Food Photography Tips
Have Christmas cookies on the brain? If you’re going to indulge in some holiday goodies, try photographing your treats while you’re at it! “Food Photography” by Susan Tuttle will give you all the tips you need to take delicious shots on your smartphone or DSLR. Read an excerpt from the food photography tips article below, or read the complete article in the 2015 Photographer’s Market or on ArtistsMarketOnline.com.
Keep creating and good luck!
Food Photography by Susan Tuttle
Attention all foodies! The next best thing to tasting delicious food is the joy of photographing it. In this article I’ll give you some practical information for food photography as well as inspirational ideas for capturing these delectables through your lens. When it comes to food photography, my favorite go-to lens is my 50mm f/1.8 prime lens, as it allows me to take close-up shots with shallow or very shallow DOF. If I want to capture a broader perspective, I switch to my 15–85mm f/3.5–5.6 lens and use a wide-angle focal length.
If you are shooting food in a restaurant under tungsten light (incandescent light), set your white balance to Tungsten. This will help to cool the photo and counteract the yellow tones that result from the temperature of this light.
In low-light situations you have some choices. You can increase ISO to make your DSLR more sensitive to the available light. Use a reflector to bounce natural light into the shadowy areas of the scene, or use an external flash unit to bounce it off a white ceiling or reflector, or power it down and use it as a fill flash. A diffuser dome placed over your flash will help to soften the bounced light. Or place your camera on a tripod to accommodate a slower shutter speed; you can use your lowest ISO setting on the tripod. If you are in a restaurant setting, I don’t recommend using flash as it’s intrusive to diners, and the tripod and reflectors—um, keep those at home too.
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The lovely thing about a mobile phone is that you can carry it with ease on your person. You can pull it from your pocket and take a quick snapshot of your food at a cafe or coffeehouse. It’s also nice to have when you don’t feel like lugging your DSLR and lenses around. My kiddos and I went strawberry picking, and the last thing I needed was to have a bulky DSLR to carry around in the dusty dirt while trying to pick and carry all the quarts of fruit.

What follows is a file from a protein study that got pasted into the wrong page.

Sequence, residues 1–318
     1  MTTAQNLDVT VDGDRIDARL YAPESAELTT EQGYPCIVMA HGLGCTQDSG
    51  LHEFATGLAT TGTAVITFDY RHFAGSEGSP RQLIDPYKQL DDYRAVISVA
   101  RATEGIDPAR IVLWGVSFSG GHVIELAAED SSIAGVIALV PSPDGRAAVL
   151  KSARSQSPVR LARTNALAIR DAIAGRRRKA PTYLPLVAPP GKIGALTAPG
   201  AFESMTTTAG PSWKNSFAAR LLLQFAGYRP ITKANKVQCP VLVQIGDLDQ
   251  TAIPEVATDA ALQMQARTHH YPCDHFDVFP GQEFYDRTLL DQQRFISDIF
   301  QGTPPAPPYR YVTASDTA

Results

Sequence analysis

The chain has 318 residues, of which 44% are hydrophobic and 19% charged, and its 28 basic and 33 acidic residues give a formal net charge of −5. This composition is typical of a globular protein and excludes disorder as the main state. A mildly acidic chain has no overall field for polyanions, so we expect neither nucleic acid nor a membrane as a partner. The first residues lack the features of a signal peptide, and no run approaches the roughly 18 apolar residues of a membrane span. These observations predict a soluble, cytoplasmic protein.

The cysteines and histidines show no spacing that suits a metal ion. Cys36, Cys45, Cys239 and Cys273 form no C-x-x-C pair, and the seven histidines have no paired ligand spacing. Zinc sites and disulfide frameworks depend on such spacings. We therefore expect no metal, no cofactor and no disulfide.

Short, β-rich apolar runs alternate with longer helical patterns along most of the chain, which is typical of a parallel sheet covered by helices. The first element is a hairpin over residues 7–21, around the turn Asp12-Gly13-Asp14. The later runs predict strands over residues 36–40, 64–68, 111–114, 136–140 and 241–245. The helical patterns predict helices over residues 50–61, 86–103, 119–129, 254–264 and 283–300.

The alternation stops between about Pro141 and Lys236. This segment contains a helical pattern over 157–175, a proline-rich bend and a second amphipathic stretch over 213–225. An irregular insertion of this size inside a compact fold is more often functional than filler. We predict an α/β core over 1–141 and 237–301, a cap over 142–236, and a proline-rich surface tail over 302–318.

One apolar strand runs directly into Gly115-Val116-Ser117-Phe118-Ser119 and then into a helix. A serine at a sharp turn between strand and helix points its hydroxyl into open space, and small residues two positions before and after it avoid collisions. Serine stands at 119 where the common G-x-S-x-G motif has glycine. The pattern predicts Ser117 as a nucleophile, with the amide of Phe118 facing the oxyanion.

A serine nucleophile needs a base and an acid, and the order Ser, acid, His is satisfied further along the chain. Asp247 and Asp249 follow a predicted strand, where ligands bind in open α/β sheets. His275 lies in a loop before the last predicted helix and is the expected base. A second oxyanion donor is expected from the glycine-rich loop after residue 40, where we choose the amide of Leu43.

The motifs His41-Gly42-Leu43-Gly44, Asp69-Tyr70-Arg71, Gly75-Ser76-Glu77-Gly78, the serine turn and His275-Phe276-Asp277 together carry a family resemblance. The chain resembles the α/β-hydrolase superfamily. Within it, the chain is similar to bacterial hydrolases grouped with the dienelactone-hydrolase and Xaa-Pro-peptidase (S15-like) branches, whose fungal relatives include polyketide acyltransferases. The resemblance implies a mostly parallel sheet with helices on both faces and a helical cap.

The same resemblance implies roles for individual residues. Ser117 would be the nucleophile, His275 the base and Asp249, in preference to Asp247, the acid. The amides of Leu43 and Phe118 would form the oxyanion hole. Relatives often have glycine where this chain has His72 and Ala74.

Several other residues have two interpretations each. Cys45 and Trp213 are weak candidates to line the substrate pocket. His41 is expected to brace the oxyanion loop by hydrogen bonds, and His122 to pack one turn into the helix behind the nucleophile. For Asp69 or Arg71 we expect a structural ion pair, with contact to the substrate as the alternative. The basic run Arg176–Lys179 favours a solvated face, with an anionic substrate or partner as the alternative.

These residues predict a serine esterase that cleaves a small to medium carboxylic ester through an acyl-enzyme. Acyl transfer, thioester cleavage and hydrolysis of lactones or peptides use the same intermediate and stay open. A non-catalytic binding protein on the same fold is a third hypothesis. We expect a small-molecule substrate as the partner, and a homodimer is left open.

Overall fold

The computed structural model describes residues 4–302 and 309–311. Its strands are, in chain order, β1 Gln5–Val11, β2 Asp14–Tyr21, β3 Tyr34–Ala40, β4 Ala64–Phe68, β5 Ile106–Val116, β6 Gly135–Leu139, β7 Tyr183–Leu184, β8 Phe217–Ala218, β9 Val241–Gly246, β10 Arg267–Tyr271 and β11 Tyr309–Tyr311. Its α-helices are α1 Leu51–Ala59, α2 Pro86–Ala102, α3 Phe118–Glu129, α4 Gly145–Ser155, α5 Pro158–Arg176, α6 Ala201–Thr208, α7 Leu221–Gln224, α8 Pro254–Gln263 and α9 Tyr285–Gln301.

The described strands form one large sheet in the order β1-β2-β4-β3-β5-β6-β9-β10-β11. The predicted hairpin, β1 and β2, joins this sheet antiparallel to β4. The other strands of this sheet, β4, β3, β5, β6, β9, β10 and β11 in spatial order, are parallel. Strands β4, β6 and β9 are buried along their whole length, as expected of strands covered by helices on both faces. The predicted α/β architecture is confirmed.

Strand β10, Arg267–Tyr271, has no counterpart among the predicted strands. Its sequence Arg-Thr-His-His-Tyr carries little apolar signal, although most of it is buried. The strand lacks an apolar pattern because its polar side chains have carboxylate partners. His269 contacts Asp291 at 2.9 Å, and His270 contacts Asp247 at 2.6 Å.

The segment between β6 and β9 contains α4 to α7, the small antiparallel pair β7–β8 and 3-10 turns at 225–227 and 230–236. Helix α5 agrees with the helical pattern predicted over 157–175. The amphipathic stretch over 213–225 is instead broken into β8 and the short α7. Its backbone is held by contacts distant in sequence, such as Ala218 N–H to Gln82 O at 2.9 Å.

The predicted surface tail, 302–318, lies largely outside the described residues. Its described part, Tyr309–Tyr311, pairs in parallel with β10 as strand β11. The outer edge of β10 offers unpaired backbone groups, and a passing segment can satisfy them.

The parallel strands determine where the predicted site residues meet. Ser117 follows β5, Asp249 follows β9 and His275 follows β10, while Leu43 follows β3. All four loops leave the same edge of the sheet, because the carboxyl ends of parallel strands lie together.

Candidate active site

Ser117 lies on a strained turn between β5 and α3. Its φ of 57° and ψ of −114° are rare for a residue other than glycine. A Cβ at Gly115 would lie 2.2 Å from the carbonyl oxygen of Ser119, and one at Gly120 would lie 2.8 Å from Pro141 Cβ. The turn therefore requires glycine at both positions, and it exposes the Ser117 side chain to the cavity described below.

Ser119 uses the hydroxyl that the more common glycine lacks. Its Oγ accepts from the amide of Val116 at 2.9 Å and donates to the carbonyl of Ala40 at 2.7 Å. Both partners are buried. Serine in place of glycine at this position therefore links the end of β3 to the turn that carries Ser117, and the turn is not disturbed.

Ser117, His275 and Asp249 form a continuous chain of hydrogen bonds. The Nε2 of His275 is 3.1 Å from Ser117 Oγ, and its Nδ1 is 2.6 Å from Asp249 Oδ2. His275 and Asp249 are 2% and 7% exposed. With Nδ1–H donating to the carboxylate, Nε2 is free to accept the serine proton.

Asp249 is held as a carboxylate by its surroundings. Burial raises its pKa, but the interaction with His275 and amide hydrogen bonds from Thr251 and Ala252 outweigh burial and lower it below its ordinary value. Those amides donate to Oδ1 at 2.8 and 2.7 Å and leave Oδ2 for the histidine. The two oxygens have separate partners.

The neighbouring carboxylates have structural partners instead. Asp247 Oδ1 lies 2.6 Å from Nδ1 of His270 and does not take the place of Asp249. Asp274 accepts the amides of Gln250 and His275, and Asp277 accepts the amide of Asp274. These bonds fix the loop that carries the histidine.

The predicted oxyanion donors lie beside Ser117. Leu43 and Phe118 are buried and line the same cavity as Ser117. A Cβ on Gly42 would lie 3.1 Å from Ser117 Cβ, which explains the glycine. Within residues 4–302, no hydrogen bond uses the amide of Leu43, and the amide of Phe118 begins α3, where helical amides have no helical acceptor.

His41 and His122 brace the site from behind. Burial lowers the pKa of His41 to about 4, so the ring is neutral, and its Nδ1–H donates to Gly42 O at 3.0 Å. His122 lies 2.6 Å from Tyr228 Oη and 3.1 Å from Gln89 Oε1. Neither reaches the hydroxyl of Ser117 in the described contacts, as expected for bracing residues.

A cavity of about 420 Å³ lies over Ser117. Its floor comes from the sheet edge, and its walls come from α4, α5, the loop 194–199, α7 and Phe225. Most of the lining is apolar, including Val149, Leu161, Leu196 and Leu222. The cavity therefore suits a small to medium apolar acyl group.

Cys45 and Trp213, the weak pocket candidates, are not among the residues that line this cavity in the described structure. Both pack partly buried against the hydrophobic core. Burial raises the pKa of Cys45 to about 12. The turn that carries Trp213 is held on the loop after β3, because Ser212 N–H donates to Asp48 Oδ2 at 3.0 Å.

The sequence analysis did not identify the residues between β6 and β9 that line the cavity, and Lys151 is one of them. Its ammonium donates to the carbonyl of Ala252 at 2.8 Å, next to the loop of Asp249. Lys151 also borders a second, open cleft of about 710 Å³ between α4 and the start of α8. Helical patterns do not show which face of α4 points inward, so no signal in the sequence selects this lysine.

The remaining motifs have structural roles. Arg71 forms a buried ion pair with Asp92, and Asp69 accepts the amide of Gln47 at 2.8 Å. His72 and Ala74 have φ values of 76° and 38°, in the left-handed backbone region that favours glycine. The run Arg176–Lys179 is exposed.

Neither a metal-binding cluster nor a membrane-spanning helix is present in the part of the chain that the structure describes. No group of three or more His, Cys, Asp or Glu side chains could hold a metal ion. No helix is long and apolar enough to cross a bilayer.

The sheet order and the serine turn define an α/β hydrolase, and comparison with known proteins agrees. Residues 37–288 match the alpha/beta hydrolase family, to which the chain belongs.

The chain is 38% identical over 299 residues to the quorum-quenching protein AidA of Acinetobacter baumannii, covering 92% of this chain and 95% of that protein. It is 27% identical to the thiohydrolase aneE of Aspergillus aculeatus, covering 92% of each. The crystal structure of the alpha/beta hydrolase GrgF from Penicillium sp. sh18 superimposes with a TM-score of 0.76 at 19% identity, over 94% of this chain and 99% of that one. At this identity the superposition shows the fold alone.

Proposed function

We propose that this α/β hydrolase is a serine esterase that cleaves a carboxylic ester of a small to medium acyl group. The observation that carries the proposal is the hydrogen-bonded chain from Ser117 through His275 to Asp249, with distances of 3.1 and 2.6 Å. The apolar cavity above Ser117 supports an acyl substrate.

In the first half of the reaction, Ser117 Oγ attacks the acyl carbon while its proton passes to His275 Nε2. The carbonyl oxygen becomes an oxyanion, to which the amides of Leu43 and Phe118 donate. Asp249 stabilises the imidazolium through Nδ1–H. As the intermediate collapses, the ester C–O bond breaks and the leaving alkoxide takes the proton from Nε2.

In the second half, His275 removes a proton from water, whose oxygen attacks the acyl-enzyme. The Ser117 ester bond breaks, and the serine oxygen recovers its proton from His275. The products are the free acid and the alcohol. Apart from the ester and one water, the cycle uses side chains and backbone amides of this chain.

High-key or slightly over-exposed food shots are trendy these days (as are slightly under-exposed, darker, richer shots of food set against slate gray and black. I like both equally but have experimented more with the former. To achieve a high-key look I use exposure compensation to increase exposure by a stop or two, and for a slightly under-exposed look I use exposure compensation to decrease exposure by a stop or two. If you are shooting in Manual mode, you do not have access to exposure compensation, so you must slightly over- or under-expose when dialing in the settings manually.
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Flip through your favorite food magazine or cookbook and notice what types of shots you are attracted to. Do you like backgrounds that are blurred or ones that show more detail? Do you like when portions of the food are blurred, or would you prefer the food to be more in focus?
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Top Tips From a Food Stylist
Food Photographer Celine Steen
Food photographer, food stylist, and cookbook author Celine Steen gives us some more great tips for taking stunning foodie photos.
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“I use a Nikon D700 almost always fitted with a 60mm f/2.8G macro lens, occasionally with a 50mm f/1.4D lens. My absolute favorite lens is the 60mm macro. It has wonderful bokeh capacities, is sharp, light, fast, rather affordable, and perfect for food photography in low-light conditions when combined with a tripod.
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Celine’s Food Photography Tips
• Morning light or early evening light is amazing to create slightly moodier, dreamy shots.
• The food is your focus. It can be fun using a bunch of props to tell a story, but remember the food is supposed to be the star of the show.
• Shoot from various angles to find the one where your food looks best.
• Prepare ahead of time. I often set up the styling and props in my head before the shoot, cataloging all the dishes, fabric, and other props I could work with. That allows me to figure out what will work best ahead of time, instead of just throwing things together at the last minute. Most of the time it works well, but on occasion it just doesn’t flow perfectly on a visual level, so I have to switch to different items in the middle of the shoot. It can be a problem when shooting food items that can wilt or melt quickly; that’s why it’s best to try to figure it out ahead of time.
• Spraying fruits and veggies with a little spray bottle of water is a great way to keep things looking fresh and appealing. Another useful trick is to slightly undercook the food so it doesn’t look overdone and mushy in pictures.
Susan Tuttle is a photographer and the author of The Art of Everyday Photography (2014), Photo Craft (2012, co-authored with Christy Hydeck), Digital Expressions (2010), and Exhibition 36 (2008). Visit her website, www.susantuttlephotography.com, for workshop information, to learn more about Susan and her art, and to get free tips and advice on photography.
Excerpted from The Art of Everyday Photography (c) 2014 by Susan Tuttle. Used with te kind permission of North Light Books, an imprint of F+W, a Content + eCommerce Company. Visit www.northlightshop.com or call (855) 842-5267 to obtain a copy.